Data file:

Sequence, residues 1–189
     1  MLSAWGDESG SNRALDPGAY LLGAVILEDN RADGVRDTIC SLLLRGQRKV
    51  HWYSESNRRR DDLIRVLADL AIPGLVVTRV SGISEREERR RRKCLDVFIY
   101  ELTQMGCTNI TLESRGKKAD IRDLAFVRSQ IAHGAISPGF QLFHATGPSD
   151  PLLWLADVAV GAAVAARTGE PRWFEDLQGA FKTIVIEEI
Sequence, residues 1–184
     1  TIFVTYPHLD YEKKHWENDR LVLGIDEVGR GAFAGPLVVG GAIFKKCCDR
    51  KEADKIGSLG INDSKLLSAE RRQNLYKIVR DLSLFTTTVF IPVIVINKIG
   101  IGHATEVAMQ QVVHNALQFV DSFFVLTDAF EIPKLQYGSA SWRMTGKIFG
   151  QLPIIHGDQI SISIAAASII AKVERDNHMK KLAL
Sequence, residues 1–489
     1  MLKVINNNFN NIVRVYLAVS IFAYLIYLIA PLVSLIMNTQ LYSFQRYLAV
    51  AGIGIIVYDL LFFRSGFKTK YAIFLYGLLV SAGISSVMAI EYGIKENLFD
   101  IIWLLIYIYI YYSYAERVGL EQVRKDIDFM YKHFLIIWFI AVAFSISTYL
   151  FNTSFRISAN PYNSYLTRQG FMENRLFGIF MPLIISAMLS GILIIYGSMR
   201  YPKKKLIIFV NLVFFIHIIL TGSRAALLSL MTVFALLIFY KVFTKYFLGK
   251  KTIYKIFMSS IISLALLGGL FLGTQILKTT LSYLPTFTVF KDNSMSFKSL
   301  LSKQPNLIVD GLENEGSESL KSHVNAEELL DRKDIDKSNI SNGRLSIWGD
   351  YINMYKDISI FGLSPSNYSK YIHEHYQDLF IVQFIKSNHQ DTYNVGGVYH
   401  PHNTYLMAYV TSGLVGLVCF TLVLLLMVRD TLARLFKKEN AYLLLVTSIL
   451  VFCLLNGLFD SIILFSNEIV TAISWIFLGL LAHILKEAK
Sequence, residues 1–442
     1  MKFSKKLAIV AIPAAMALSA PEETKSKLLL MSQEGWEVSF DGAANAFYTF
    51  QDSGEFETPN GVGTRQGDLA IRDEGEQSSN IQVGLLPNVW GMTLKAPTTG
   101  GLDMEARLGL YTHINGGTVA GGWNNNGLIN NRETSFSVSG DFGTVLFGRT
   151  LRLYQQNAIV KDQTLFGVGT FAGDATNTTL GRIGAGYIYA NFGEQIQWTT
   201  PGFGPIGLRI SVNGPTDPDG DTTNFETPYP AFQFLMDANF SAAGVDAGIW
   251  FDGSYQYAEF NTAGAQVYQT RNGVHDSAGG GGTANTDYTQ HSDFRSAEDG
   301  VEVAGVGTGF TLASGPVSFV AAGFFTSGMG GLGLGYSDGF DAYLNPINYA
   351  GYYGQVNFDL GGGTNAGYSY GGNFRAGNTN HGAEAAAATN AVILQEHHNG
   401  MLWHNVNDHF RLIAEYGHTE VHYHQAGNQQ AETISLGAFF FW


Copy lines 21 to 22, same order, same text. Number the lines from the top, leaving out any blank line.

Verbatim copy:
   451  VFCLLNGLFD SIILFSNEIV TAISWIFLGL LAHILKEAK
Sequence, residues 1–442